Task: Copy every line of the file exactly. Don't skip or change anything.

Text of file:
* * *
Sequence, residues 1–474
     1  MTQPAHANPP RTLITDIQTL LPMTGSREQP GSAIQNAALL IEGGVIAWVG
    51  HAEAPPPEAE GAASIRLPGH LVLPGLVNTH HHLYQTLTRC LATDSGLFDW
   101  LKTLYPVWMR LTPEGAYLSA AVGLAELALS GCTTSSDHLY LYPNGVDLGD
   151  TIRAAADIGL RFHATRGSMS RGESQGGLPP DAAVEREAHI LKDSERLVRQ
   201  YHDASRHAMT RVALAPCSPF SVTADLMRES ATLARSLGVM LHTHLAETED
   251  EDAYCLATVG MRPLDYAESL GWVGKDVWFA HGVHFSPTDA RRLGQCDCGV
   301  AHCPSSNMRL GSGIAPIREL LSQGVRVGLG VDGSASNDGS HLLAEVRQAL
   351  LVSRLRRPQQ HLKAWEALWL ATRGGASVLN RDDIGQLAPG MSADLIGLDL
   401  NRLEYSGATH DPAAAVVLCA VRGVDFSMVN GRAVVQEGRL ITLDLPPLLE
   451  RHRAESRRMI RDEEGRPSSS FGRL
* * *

Sequence, residues 1–474
     1  MTQPAHANPP RTLITDIQTL LPMTGSREQP GSAIQNAALL IEGGVIAWVG
    51  HAEAPPPEAE GAASIRLPGH LVLPGLVNTH HHLYQTLTRC LATDSGLFDW
   101  LKTLYPVWMR LTPEGAYLSA AVGLAELALS GCTTSSDHLY LYPNGVDLGD
   151  TIRAAADIGL RFHATRGSMS RGESQGGLPP DAAVEREAHI LKDSERLVRQ
   201  YHDASRHAMT RVALAPCSPF SVTADLMRES ATLARSLGVM LHTHLAETED
   251  EDAYCLATVG MRPLDYAESL GWVGKDVWFA HGVHFSPTDA RRLGQCDCGV
   301  AHCPSSNMRL GSGIAPIREL LSQGVRVGLG VDGSASNDGS HLLAEVRQAL
   351  LVSRLRRPQQ HLKAWEALWL ATRGGASVLN RDDIGQLAPG MSADLIGLDL
   401  NRLEYSGATH DPAAAVVLCA VRGVDFSMVN GRAVVQEGRL ITLDLPPLLE
   451  RHRAESRRMI RDEEGRPSSS FGRL